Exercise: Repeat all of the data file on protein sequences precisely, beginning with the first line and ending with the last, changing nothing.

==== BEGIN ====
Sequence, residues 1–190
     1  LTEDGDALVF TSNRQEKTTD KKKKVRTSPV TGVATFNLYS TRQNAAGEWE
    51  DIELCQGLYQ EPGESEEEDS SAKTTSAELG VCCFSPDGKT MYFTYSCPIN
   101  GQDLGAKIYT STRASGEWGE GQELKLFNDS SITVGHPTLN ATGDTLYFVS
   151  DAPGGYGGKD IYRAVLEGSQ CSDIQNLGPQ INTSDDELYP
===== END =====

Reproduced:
Sequence, residues 1–190
     1  LTEDGDALVF TSNRQEKTTD KKKKVRTSPV TGVATFNLYS TRQNAAGEWE
    51  DIELCQGLYQ EPGESEEEDS SAKTTSAELG VCCFSPDGKT MYFTYSCPIN
   101  GQDLGAKIYT STRASGEWGE GQELKLFNDS SITVGHPTLN ATGDTLYFVS
   151  DAPGGYGGKD IYRAVLEGSQ CSDIQNLGPQ INTSDDELYP